I'm sorry to have to be the one to tell you this, again, but Mount St. Helens is not erupting. It's really not. Yes, I know some British tabloid breathlessly reported that it's totally for sure very definitely erupting right this minute, and of course an NBC affiliate in the western US picked up the story and credulously ran with it without checking. It's all bunk. This is why I'm using archived links rather than rewarding their nonsense with tasty direct links and views. Their reporting is bad, and they should feel bad.

Mount St. Helens isn't erupting. It hasn't erupted since 2008. If you see what looks like an eruption, it's probably going to end up being rocks and dust kicked up by rockfalls and wind. It's been quiet for so long that the USGS hasn't even bothered updating its current alerts page since April of 2014. If there was an eruption, it would have been blurted all over the USGS Volcanoes Facebook page the instant the government shutdown ended, but all they're talking about there right now is the return of the Yellowstone Caldera Chronicles (no, Yellowstone is not erupting either, despite the same British tabloid having a conniption about it last week) and some upcoming talks on Kilauea (also not currently erupting). The American volcanoes are all being boring, except for a few in Alaska, which are being mildly interesting.

Image shows a map of Washington and Oregon with the Cascades volcanoes marked with green triangles.
The USGS reports all the Cascades volcanoes are green. Still. That means not erupting. Credit: USGS

Mount St. Helens is still classified as one of the most dangerous volcanoes in the United States, but right this minute, hazards are limited to normal non-eruptive stuff. So, if someone comes up to you shrieking about the mountain going boom, check with the USGS before you share in the hollering.

Normally, I wouldn't even bother picking on a tabloid and one gullible news site, but they've presented me a prime opportunity to discuss happenings at our favorite mountain, and recommend a good show for you. It turns out the British tabloid got its inspiration from a documentary me and my partner watched a couple of weeks ago. Mega Disaster: It's Happened Before and it Will Happen Again is streaming on Amazon Prime right now, and it's actually really good. It talks about several different eruptions, including Kilauea, the Soufrière Hills volcano on Montserrat, and Mount Pinatubo. It talks a little bit about the May 1980 eruption of Mount St. Helens, but focuses more on the dome-building phase in 2004-2008 and the methods scientists used to monitor it. It's definitely worth a watch! Just keep in mind, it's talking about eruptions that have already ended.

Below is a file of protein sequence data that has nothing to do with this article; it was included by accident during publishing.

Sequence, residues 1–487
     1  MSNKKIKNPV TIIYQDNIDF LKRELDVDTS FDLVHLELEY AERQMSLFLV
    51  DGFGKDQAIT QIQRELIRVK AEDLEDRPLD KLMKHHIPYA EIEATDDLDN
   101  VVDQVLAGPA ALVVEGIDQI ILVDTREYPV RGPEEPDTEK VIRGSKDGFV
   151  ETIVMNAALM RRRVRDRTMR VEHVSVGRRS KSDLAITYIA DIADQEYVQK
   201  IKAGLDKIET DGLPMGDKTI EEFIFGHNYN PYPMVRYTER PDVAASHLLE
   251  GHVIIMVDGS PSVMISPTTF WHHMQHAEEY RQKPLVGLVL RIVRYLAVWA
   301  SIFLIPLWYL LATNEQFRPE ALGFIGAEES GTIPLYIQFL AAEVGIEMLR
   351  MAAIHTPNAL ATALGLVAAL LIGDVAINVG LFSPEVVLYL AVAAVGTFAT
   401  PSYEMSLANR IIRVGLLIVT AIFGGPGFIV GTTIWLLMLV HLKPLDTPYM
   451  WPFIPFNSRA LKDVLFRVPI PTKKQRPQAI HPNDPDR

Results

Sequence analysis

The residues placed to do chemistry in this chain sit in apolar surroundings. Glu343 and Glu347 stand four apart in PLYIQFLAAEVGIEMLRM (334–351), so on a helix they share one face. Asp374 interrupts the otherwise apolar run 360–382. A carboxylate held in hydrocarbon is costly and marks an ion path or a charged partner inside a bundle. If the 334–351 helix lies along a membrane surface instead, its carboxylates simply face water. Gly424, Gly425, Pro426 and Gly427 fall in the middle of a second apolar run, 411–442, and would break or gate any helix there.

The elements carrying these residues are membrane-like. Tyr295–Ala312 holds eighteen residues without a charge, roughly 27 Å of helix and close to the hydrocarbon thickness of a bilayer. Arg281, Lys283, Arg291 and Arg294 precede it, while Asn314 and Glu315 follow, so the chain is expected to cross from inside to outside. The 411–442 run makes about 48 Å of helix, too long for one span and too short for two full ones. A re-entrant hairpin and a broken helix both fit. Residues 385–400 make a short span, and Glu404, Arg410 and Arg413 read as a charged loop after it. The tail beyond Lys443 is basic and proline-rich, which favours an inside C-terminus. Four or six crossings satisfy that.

There's plenty of exciting stuff happening around Mount St. Helens, even though the dome isn't actually currently growing. If you do a search for news, you'll see there's an unsolved murder up by Cougar, close to the volcano. If you happen to have any information on this tragedy, please do contact law enforcement.

In geological excitement, several papers have come out recently exploring Mount St. Helens's magmatic system. One has gone some way towards explaining why the volcano is so much further west than the rest of her Cascades siblings:

Deep in the Earth's crust, a plug of cooled igneous, or volcanic, rock keeps magma from surfacing between Mount St. Helens and the rest of the volcanic arc. Meanwhile, the crust under the Mount St. Helens consists of an ancient scar caused by two continental plates slamming together.

The scar is "almost like a soda straw, which is allowing these deeper magmas to preferentially ascend to the surface," said Paul Bedrosian, a geophysicist at the U.S. Geological Survey (USGS) in Lakewood, Colorado, and a co-author of a new study on the region, published Monday (Sept. 3) in the journal Nature Geosciences.

You can actually read that paper online, and it's intriguing. I plan on doing a writeup in the not too distant future, after I've gotten my hands on the other recent papers exploring related subjects. Yay new knowledge!

There's also a really nice slideshow accompanying the above article. It has some lovely views and shows what working in the field is like.

Mount St. Helens will provide us with plenty of awesome action in the future. But not just yet. Don't worry: if she does start erupting, I won't waste a second in letting you know!